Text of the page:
What Should You Do When You Get Into an Auto Accident?

November 20, 2009

By: David Jaffe

Suppose you were driving on I-91 South when there is a backup of traffic due to construction on the road. You stop, you slow down, almost to a halt, due to the cars in front of you. Within 30 seconds or so, you are slammed from behind and your car is pushed into the car in front of you.

You become a little foggy as to what happens in the next few minutes, but you remember you are extricated from your car and are brought by stretcher and ambulance to the Emergency Room of the nearest hospital. Although you are not admitted to the hospital for observation overnight, when you go home you feel drowsy and nauseous. You vomit several times and have an unclear recollection as to all the events which occurred leading up to and for a short time after your automobile collision.

The next day you wake up and your neck and lower back are extremely stiff and painful. You have a small bruise on your forehead and a bruise on your right arm and shoulder.

The question becomes, where do you go from here?

Medically, of course, if you are covered by health insurance on Medpay on your own automobile policy, you should get the best care available since it will all be covered, minus, perhaps, some small co-pays.

If you do not have immediate coverage, while eventually your medicals will probably get paid if there's any liability coverage available from the negligent driver whose car struck yours, in the short term, you need to look for care where immediate payment is not required. This is difficult to find. Oftentimes, if you hire an attorney, he or she can find such health care providers for you.

Additionally, you need to consider the following factors:

1. Do I have post-concussive syndrome or post-traumatic stress disorder? Due to the fact that you hit your head and have what is called retrograde amnesia (lack of memory of certain parts of the incident and/or surrounding events as well), and that you were nauseous and/or vomiting, you probably need to visit a medical specialist who can deal with such injuries, to wit:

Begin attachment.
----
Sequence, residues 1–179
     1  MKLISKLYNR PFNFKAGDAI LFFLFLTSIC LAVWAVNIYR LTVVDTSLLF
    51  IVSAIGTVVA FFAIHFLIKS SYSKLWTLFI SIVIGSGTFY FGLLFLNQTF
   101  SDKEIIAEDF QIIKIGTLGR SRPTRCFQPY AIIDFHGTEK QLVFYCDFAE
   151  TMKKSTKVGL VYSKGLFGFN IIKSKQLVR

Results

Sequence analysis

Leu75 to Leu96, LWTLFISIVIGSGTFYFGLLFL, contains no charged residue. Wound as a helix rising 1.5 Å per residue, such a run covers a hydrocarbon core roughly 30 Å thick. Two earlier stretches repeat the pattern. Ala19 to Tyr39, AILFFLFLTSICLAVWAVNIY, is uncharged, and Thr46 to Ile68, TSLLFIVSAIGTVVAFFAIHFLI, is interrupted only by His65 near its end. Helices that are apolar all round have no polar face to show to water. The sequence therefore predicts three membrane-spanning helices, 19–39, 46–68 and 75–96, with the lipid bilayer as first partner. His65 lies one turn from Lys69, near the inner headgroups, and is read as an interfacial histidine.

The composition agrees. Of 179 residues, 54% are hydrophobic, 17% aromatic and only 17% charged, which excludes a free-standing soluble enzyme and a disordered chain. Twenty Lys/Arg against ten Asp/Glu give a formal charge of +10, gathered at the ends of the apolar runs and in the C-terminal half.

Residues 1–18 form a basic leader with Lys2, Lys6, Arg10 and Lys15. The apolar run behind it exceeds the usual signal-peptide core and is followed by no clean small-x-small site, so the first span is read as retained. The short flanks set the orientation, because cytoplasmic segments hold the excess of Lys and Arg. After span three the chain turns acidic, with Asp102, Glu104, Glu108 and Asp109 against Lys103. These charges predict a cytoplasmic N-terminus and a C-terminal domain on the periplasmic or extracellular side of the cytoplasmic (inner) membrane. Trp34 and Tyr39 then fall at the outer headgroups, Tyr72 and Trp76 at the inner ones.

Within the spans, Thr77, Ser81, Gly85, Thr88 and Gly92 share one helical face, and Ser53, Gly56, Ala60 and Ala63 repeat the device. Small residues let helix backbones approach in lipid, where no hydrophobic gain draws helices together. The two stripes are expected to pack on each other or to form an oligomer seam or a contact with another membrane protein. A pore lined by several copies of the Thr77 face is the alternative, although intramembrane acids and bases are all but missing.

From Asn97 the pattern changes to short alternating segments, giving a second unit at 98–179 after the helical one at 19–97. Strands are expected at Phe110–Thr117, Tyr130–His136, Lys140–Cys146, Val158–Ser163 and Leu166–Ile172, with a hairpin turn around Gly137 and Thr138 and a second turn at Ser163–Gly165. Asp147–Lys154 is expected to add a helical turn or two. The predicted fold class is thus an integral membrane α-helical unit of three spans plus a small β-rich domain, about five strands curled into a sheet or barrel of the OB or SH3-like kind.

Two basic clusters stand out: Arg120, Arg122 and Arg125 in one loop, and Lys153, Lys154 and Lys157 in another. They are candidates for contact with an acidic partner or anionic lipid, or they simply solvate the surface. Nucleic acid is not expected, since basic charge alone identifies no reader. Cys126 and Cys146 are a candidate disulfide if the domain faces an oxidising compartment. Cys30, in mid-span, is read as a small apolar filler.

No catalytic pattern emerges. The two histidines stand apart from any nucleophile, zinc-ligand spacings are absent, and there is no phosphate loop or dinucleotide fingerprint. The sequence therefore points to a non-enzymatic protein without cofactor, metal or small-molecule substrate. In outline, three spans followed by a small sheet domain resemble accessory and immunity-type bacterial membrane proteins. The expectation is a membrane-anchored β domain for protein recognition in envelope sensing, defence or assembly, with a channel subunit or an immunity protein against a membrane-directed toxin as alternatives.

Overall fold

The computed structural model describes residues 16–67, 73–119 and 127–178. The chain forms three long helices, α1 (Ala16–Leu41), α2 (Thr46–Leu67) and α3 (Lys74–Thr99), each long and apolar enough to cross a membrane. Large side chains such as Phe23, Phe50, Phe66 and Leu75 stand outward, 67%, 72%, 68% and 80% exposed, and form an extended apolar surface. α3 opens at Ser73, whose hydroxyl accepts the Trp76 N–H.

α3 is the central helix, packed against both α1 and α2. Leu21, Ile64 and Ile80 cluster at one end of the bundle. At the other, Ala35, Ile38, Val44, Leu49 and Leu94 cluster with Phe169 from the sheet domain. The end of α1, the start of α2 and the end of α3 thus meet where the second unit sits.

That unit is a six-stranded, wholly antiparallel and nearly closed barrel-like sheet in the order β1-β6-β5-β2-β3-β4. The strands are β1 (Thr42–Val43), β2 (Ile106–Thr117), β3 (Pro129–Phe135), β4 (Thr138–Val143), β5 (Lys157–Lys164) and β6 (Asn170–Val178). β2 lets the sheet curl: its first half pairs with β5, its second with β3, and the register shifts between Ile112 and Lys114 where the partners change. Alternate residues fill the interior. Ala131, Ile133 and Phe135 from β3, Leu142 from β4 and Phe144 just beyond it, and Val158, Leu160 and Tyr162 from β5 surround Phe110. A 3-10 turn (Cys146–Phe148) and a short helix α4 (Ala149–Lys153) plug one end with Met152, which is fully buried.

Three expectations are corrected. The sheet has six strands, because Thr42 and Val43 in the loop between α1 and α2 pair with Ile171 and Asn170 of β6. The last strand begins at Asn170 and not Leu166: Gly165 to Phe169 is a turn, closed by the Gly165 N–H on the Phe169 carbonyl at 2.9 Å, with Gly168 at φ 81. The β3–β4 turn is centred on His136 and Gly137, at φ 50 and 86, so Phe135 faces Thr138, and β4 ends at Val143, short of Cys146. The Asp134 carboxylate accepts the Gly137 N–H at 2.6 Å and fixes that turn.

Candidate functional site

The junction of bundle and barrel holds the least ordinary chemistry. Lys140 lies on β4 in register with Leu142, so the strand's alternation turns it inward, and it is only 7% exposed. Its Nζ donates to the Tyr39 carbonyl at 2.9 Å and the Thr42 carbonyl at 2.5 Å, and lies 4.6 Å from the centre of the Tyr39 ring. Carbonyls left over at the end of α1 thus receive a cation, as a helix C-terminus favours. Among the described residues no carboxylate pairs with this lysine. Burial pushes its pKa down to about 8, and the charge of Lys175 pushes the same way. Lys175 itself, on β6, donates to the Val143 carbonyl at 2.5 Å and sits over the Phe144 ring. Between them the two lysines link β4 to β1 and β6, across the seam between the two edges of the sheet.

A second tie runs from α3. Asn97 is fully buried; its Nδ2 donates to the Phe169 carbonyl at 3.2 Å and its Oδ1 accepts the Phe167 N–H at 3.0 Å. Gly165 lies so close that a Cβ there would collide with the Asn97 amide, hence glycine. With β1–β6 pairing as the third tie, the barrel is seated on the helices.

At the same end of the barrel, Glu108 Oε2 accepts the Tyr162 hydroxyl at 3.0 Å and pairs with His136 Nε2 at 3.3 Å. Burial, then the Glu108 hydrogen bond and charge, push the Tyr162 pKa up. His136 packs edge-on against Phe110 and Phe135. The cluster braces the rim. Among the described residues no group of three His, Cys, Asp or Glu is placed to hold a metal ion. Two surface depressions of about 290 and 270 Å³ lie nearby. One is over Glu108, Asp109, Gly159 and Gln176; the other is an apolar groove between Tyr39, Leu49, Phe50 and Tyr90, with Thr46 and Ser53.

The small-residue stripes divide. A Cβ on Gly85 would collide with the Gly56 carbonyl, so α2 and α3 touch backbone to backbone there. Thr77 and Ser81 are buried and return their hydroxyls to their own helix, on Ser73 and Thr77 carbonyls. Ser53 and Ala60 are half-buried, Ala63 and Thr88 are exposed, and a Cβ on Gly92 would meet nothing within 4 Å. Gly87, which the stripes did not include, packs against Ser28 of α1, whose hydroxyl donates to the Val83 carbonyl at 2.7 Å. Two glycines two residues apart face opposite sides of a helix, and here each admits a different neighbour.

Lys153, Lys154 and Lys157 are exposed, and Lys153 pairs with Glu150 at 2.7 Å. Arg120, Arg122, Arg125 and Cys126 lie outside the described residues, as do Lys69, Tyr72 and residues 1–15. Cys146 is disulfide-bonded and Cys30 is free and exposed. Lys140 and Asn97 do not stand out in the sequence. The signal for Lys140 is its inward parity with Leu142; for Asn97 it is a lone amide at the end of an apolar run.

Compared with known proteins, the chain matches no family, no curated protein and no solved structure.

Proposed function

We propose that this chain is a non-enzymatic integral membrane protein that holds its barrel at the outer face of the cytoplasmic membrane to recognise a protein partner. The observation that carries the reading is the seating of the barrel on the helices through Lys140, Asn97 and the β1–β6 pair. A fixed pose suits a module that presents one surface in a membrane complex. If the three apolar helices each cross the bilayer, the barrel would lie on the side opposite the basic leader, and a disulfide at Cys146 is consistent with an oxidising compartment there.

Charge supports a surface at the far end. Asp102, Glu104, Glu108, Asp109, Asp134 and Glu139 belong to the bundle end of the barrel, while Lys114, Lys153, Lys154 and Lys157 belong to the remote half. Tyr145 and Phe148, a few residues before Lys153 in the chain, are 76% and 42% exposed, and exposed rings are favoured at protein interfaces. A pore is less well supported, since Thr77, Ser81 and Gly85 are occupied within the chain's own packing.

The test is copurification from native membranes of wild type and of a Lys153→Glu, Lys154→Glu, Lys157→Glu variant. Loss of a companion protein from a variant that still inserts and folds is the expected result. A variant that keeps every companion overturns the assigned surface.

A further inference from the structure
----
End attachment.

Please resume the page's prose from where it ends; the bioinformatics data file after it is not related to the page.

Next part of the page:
a neurologist or neuropsychologist.

2. Either your primary care physician or your orthopedic surgeon, whom you should see immediately, can refer you to one or both of these kinds of doctors.

a. A neurologist will determine if you have any significant nerve or

physiological injuries to your brain or spinal column.

b. A neuropsychologist will determine if you have suffered cognitive

deficits or problems with things such as short-term memory; processing

of information; difficulty focusing or a propensity to be distracted due to

trauma to your cranial region.

3. The typical automobile injury case takes at least a year for a doctor or attorney to fully evaluate, since that is the period of time it typically takes a person who has suffered personal injuries from an automobile collision to reach maximum improvement.

4. Therefore, when hiring an attorney, you should ask what the strategy is in regard to whether they plan to bring suit immediately, or wait and see how you are doing and then negotiate with the liability insurance adjustor before bringing suit.

5. Depending on the nature and severity of the case, either strategy presents a viable option.

6. You should also review the declaration sheet of your own automobile policy to determine if you have Medpay coverage and uninsured or underinsured motorist coverage in case the negligent driver has no liability insurance or is underinsured.

7. When choosing an attorney, you should hire a firm, and an individual attorney within that firm, who has extensive experience in automobile and other types of personal injury matters. This is because they will know exactly how to proceed. Additionally, they will have the resources available to them at their firm, and they will have connections with health care professionals, engineers and other experts, as needed. My firm, Brown Paindiris & Scott, LLP, is one such firm, and I am one such lawyer.

7. Typically, a firm will advance all costs and then deduct them if and when the case is resolved.

8. Since a great majority of firms charge a contingency fee of one-third, it is important to hire your firm not based on the amount of the fee, but on their expertise and how comfortable you are with the attorney working on your case. In any automobile collision case, where a person is seriously hurt, they face an uphill medical and legal battle.

9. As a prerequisite to bringing suit, of course, the other driver must be at fault when the injured party is also driving a vehicle. However, a passenger, of course, who gets hurt is not at fault and may have recourse against the driver of his car and/or the driver of the other car, depending on who is at fault.

10. These are all considerations which a good automobile negligence or personal injury law firm will consider when handling your case.